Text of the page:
After working in audit for a few years, I decided it was time to leave my comfort zone and I moved into the transactions services team. It was really challenging. I went from an environment where I knew everything to a place where I didn’t know what anyone was talking about. I was a senior manager, so people above looked to me for answers and people below looked to me for guidance.

I felt absolutely out of my depth. It was one of the steepest learning curves I’ve ever been on. And to make it worse, the partner I was working with wasn’t supportive at all. I was made to feel stupid for not knowing things and at times the pressure was so intense I seriously considered not going into work in the morning.

Reflecting now, I’m glad I didn’t give up. It taught me to seek out people who could help me. To be vulnerable and admit that I’d never done it before but was willing to learn. I also learnt that the way you make people feel matters, and I’m glad that in our business, people leadership like that is no longer acceptable.”

“The hardest experiences teach you the most. But those lessons will stay with you the rest of your career.”

3. Building something

“Sometimes, the best opportunities appear out of nowhere. A tap on the shoulder by a partner from Australia asking if I wanted to get involved in this thing called infrastructure took me on an unexpected path. I had done a deal in the space and he wanted to get a team together. Why not?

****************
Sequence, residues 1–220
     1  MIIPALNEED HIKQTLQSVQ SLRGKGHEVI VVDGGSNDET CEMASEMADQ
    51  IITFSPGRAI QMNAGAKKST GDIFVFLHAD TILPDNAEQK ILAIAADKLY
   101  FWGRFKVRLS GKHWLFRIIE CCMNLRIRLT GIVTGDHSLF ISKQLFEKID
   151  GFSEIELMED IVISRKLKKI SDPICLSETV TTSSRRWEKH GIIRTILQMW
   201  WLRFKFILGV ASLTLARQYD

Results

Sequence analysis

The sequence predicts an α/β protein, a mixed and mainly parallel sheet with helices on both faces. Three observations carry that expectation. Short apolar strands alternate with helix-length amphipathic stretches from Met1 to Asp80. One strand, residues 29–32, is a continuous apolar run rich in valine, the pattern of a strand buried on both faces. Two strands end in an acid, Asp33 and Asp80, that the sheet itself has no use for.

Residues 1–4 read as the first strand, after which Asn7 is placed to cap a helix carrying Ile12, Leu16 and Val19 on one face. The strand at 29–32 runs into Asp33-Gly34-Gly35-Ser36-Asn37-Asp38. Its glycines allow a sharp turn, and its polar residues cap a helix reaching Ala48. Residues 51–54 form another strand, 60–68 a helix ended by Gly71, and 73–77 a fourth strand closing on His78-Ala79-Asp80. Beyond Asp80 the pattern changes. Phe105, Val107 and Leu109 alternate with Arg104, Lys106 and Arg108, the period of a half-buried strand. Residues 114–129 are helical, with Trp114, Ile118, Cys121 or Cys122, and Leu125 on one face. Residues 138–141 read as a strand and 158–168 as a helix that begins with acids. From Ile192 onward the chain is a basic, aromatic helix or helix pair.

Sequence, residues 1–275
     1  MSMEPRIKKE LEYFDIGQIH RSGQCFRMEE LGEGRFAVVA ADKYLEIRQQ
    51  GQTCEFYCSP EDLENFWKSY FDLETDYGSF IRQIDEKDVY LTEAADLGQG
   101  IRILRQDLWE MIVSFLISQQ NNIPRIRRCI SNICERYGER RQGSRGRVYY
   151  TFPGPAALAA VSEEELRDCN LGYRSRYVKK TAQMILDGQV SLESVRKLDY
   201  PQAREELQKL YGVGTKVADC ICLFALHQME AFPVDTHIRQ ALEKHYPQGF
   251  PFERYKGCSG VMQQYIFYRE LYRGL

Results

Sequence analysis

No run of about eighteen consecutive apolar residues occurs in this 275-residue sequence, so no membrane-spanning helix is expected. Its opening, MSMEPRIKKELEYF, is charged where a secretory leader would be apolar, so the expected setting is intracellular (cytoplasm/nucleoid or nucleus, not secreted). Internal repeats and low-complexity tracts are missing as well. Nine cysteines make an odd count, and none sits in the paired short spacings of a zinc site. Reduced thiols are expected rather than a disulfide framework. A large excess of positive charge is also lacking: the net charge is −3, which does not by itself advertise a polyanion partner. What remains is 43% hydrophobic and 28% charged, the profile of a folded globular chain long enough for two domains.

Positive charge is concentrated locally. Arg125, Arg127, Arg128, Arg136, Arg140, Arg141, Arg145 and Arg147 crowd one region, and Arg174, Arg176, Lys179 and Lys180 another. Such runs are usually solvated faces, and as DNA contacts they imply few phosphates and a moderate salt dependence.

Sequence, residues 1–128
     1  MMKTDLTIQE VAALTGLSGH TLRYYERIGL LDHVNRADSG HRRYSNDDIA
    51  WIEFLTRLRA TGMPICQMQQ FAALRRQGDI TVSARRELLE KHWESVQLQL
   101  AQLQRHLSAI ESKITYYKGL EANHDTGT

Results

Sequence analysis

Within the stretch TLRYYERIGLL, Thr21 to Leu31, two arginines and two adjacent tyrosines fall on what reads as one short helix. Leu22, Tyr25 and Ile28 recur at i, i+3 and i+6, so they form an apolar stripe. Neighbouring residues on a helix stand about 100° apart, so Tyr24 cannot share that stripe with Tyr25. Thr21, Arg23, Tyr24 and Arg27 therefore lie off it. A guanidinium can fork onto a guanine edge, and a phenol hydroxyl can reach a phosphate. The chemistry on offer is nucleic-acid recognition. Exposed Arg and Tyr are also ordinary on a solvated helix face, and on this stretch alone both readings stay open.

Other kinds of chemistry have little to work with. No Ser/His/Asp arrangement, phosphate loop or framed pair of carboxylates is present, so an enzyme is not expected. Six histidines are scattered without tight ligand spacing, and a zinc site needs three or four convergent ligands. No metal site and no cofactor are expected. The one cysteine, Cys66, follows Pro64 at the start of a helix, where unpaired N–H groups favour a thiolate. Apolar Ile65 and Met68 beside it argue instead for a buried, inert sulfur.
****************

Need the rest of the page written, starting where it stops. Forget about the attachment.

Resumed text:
Five of us started it – and it was the most fun I’ve ever had. We built a whole new part of the business dedicated to advising infrastructure clients. I loved building it and getting people to buy into an idea that didn’t exist yet. The market was coming; the clients were appearing. It was fantastic. We ended up with a multidisciplinary team of over 60 people in the UK and a network across Europe.

But good things take time. You know what they say about an overnight success being years in the making? It took 16 years to set up from nothing. That experience really helped me get to partner. I was famous for something. The business case was there. But the building blocks came from the love of just getting involved in something.

Was it straightforward? No. Something you don’t expect will always happen. The markets move or something you think will be big doesn’t make it. But I was finally doing what I got into this business to do – building something.”

“Have a plan. Have ambition. But above all, love what you do. It will take you far.”

4. Big opportunities

“I recently became the managing partner for our Financial Advisory business in the UK. It was one of those once-in-a-career moments. The opportunity to influence the direction of travel of FA– the place where I’ve forged my career – and make it better was something I just had to throw myself into.